Uzbekistan. In August, President Islam Karimov suffered
from brain hemorrhage and received intensive care in
hospital. Rumors of his death circulated for some time, and
in early September it was officially confirmed that the
78-year-old president had died.
countryaah, Karimov had ruled the country with iron hand for more
than a quarter of a century, and his death sparked
speculation about a power struggle within the regime. Under
the Constitution, the Senate president would take over as
acting president, but the president proposed to the more
experienced Prime Minister Shavkat Mirziyoyev. It was
appointed by Parliament and described as a guarantee of
continuity and stability. Mirziyoyev said he would run for
office in December.
Karimov had tried to maneuver between the great powers to
get support from different directions. After his death,
Russian President Vladimir Putin visited Tashkent and, in a
meeting with Mirziyoyev, he hoped that Karimov's policy
would continue. Putin said that Uzbekistan could count on
Moscow as its most reliable friend. It was interpreted as a
call for continued hard line against dissent. The United
States, for its part, sent a mid-level diplomat urging the
new leader to improve Uzbekistan's human rights credentials.
According to human rights groups, hundreds of political
prisoners are in Uzbek prisons, and torture is common.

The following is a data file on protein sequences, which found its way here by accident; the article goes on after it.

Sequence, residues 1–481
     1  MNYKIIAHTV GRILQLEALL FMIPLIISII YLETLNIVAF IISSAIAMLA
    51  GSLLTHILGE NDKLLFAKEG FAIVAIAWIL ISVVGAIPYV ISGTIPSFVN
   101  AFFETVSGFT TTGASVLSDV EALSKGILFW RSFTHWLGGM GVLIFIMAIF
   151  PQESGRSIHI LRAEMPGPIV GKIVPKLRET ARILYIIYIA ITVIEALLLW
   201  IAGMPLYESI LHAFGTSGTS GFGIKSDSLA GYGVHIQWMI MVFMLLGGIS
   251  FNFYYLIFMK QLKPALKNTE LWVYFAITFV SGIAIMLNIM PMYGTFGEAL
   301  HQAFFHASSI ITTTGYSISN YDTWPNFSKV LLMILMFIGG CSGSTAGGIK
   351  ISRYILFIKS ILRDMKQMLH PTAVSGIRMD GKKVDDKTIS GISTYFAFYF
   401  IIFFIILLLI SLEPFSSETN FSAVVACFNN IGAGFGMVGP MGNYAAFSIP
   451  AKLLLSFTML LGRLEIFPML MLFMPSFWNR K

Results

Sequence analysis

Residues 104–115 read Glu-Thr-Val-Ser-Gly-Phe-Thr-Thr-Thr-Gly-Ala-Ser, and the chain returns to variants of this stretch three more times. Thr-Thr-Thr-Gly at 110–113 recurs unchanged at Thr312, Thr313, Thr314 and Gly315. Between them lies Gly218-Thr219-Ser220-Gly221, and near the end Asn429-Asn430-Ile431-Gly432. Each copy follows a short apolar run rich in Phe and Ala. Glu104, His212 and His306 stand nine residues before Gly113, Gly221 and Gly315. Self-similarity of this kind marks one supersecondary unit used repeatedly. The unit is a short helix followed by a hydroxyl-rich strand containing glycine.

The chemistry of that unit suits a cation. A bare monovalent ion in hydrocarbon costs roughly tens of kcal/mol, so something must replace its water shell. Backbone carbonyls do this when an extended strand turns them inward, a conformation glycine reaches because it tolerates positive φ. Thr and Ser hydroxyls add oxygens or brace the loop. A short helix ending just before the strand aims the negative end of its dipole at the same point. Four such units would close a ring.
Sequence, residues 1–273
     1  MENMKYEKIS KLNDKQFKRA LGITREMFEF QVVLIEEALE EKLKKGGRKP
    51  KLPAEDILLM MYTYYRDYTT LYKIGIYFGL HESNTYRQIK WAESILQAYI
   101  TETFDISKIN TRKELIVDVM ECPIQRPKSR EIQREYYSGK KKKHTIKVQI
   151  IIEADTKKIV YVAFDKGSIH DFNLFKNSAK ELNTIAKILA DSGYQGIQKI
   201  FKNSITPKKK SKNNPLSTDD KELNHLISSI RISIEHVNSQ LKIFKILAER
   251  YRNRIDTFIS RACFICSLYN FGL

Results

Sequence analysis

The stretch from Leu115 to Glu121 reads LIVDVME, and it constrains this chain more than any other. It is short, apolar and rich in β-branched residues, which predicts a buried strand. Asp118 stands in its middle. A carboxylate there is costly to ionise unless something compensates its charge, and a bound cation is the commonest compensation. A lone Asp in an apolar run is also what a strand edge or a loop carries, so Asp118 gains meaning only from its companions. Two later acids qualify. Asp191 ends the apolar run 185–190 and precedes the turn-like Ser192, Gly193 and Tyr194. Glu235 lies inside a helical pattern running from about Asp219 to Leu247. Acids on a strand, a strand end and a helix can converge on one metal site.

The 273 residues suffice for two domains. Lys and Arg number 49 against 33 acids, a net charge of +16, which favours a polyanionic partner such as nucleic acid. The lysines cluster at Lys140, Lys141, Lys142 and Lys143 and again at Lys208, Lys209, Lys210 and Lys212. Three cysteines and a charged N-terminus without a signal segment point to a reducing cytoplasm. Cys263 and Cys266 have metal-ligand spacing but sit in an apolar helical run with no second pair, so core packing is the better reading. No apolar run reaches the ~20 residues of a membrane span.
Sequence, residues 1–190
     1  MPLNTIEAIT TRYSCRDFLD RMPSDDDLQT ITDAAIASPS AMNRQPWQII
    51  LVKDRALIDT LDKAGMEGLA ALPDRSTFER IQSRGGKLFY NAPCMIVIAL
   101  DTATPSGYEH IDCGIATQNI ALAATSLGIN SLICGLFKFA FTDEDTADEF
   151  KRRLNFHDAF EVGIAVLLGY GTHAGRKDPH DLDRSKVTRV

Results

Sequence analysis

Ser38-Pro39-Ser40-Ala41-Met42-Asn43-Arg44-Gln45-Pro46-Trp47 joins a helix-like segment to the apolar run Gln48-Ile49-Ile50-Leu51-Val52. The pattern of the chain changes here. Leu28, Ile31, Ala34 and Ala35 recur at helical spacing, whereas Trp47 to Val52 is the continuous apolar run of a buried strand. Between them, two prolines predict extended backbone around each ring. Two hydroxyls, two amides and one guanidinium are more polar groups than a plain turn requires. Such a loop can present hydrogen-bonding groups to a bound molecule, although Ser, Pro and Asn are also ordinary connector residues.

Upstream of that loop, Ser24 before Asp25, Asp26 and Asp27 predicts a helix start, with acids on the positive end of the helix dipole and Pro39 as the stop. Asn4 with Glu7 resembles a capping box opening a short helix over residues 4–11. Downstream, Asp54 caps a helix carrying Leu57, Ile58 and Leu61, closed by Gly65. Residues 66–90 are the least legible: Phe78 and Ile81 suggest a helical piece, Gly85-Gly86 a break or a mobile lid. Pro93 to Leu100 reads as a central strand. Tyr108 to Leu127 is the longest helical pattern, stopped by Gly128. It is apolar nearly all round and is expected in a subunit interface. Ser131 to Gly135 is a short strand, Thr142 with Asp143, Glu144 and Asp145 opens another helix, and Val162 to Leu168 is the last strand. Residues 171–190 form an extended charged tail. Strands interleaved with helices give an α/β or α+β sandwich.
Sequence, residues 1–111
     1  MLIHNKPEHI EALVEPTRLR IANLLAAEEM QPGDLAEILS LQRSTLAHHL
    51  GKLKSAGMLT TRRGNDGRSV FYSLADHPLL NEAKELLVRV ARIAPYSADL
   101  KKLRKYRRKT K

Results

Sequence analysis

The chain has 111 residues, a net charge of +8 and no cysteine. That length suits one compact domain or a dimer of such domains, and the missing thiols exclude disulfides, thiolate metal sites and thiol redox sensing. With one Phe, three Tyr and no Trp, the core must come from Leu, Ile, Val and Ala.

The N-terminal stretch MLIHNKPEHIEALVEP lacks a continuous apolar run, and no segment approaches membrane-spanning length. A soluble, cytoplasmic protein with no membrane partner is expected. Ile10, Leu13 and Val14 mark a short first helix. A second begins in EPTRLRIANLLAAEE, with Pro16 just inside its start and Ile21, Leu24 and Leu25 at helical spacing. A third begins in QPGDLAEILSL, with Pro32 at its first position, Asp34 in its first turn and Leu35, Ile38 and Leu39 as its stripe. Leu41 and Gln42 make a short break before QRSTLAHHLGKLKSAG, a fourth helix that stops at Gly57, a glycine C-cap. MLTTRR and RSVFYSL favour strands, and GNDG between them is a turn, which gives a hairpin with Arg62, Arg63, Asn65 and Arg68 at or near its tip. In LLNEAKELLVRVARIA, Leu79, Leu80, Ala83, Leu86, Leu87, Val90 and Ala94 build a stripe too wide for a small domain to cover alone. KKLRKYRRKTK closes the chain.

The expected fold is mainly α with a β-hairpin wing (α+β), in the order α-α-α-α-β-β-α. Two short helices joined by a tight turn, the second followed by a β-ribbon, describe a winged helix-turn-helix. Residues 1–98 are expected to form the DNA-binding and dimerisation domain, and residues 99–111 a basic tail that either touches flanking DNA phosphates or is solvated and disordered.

Uzbekistan is heavily dependent on the Russian economy,
mainly because a few million Uzbek citizens are estimated to
be guest workers abroad and especially in the Russian
In October, media reported that rival clans opposed
Mirziyoyev alone to take over Karimov's power. It was
reportedly agreed that Mirziyoyev would face out with the
title of president, but the decision-making would be shared
with Karimov's security chief Rustam Inoyatov and Deputy
Prime Minister and Finance Minister Rustam Azimov. The
settlement was said to be made between the region-based
clans that dominate Uzbekistan's economy and society.
In October, a court sentenced 72-year-old political
prisoner Samandar Kukanov to another three years in prison.
Kukanov had already served 20 plus two years in prison for
alleged embezzlement and violation of prison rules.
According to the opposition, Kukanov was seen as a personal
enemy of Karimov because of his criticism of him and his
support for opposition movements.
The United States called on Uzbekistan to pardon Kukanov
on humanitarian grounds, and barely two weeks before the
presidential election, Kukanov was surprisingly released.
Four candidates participated in the December presidential
election. Mirziyoyev was nominated by Karimov's power party
the Liberal Democratic Party, and although the other
candidates and their parties characterized themselves as
oppositional, they essentially followed the official
According to official data, Mirziyoyev won by over 88% of
the vote, and turnout was said to be almost 88%. According
to the OSCE, the election highlighted the need for radical
reform in Uzbekistan. No election in the country has been
described by the OSCE observers as democratic and free.
Deputy Prime Minister Abdulla Aripov was appointed to
succeed Mirziyoyev as head of government.
At the end of the year, a committee of the European
Parliament approved a textile trade agreement with
Uzbekistan, which, according to human rights activists,
means that the EU benefits from forced labor in the
Uzbekistan cotton industry. As a result, a previous decision
to allow the agreement to be rested due to allegations of
child labor and forced labor was revoked. According to EU
parliamentarians, Uzbekistan had made progress by removing
children from the fields, but the agreement was said to be
conditional on actions also against forced labor for adults.
The agreement was also approved in the European Parliament.